Needles in a Haystack

The term information overload was popularized in the 1970 book Future Shock by Adam Toffler, who correctly foresaw an era of rapid technological and sociological change that would leave many people feeling disconnected and disoriented. But even a futurist as prescient as Toffler probably would have been unable to comprehend the volume of information being produced and transmitted every day on Twitter, Facebook, and other forms of social media.

As Susan Etlinger notes in her article in the March/April issue of Information Outlook, "… when Beyonce went on the Video Music Awards and showed she was pregnant, that generated 8,000 tweets per second." Granted, it's unlikely that tweets about pregnant celebrities will be of interest to the average SLA member or his or her organization. Nonetheless, comments and discussions on Twitter, Facebook, and other social media are information resources, and Etlinger believes that information professionals should not flinch from trying to extract value from them.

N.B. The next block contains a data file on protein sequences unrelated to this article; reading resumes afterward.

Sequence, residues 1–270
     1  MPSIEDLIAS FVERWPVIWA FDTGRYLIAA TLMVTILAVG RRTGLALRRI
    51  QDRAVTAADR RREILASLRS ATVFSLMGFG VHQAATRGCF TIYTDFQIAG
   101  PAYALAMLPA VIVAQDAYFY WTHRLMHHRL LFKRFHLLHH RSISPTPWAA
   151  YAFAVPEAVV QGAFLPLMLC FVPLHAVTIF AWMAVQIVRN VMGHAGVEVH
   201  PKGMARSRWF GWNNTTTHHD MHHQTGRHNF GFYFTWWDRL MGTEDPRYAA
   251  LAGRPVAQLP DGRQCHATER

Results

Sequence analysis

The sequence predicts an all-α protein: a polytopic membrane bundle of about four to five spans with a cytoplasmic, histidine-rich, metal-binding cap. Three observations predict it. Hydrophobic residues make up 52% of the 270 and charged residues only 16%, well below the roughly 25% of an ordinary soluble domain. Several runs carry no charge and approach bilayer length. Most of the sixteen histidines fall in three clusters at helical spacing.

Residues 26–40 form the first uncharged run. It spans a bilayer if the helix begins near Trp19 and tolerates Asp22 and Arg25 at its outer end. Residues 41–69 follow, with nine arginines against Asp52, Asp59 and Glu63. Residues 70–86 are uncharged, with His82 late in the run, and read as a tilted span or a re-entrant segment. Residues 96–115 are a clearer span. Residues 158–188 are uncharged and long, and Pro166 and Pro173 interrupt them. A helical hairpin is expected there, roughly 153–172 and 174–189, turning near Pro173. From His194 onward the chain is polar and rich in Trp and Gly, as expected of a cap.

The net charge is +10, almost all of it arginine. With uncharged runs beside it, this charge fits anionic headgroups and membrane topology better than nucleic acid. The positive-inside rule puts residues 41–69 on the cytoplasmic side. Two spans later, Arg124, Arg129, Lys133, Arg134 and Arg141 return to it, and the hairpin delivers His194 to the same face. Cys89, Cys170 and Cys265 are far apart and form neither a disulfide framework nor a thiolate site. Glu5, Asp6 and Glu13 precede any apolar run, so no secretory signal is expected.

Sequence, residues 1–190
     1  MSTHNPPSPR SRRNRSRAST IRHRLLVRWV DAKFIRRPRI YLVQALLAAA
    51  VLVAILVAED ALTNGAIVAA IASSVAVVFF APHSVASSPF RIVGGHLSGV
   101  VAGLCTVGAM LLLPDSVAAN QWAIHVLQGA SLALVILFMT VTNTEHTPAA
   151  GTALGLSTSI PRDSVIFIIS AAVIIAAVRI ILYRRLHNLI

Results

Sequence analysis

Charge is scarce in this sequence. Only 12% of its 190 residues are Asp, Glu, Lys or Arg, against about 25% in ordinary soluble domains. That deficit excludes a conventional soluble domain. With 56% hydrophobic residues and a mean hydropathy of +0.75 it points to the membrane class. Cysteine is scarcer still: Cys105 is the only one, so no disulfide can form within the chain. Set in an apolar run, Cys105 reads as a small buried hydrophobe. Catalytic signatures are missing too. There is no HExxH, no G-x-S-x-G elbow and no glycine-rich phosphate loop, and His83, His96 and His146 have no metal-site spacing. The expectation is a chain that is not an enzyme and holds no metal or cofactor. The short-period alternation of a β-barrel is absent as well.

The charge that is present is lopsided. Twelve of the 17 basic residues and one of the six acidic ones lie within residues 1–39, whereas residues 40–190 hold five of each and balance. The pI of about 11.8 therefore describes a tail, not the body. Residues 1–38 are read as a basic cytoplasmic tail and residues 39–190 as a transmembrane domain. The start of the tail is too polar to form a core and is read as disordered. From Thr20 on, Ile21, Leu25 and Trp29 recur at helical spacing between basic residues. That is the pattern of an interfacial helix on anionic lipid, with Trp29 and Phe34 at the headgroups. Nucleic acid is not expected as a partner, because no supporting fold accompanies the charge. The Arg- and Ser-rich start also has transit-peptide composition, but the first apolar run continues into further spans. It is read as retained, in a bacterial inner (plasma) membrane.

"The librarian needs to be the strategist, the first line of defense, in understanding and recommending how social data should be used," she states. "… There's an incredible artifact of social data out there … that encapsulates opinions in a way we've never really seen before."

Etlinger cautions that much of the social data being produced are "a mess," but David Milward and Guy Singh have plenty to say about how to make sense of it. In their article, "Clarifying the Social Media Blur," Milward and Singh offer guidance and case studies on using agile text mining to identify not only the content of social data, but also the sentiments being expressed, the impact of those sentiments, and the key opinion leaders in various communities.

According to Milward and Singh, the imposing volume of social data is actually a blessing in disguise. "In the text mining world," they write, "the more documents there are, the better the results are likely to be."

To read more of what Etlinger, Milward and Singh have to say about making sense of social data, read the March/April issue of Information Outlook.

 

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